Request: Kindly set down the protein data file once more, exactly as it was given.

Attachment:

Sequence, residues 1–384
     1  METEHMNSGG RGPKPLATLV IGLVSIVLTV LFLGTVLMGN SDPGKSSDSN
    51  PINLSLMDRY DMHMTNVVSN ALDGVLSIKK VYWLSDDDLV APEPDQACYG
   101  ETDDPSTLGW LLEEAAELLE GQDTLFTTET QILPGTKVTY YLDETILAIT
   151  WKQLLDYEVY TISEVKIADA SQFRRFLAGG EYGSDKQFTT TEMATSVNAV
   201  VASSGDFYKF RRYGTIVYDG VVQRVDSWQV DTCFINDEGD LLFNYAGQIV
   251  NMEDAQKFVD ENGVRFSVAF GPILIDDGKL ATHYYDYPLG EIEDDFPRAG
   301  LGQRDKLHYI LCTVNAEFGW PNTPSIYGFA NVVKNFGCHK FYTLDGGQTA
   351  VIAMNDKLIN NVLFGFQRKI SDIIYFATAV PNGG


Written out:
Sequence, residues 1–384
     1  METEHMNSGG RGPKPLATLV IGLVSIVLTV LFLGTVLMGN SDPGKSSDSN
    51  PINLSLMDRY DMHMTNVVSN ALDGVLSIKK VYWLSDDDLV APEPDQACYG
   101  ETDDPSTLGW LLEEAAELLE GQDTLFTTET QILPGTKVTY YLDETILAIT
   151  WKQLLDYEVY TISEVKIADA SQFRRFLAGG EYGSDKQFTT TEMATSVNAV
   201  VASSGDFYKF RRYGTIVYDG VVQRVDSWQV DTCFINDEGD LLFNYAGQIV
   251  NMEDAQKFVD ENGVRFSVAF GPILIDDGKL ATHYYDYPLG EIEDDFPRAG
   301  LGQRDKLHYI LCTVNAEFGW PNTPSIYGFA NVVKNFGCHK FYTLDGGQTA
   351  VIAMNDKLIN NVLFGFQRKI SDIIYFATAV PNGG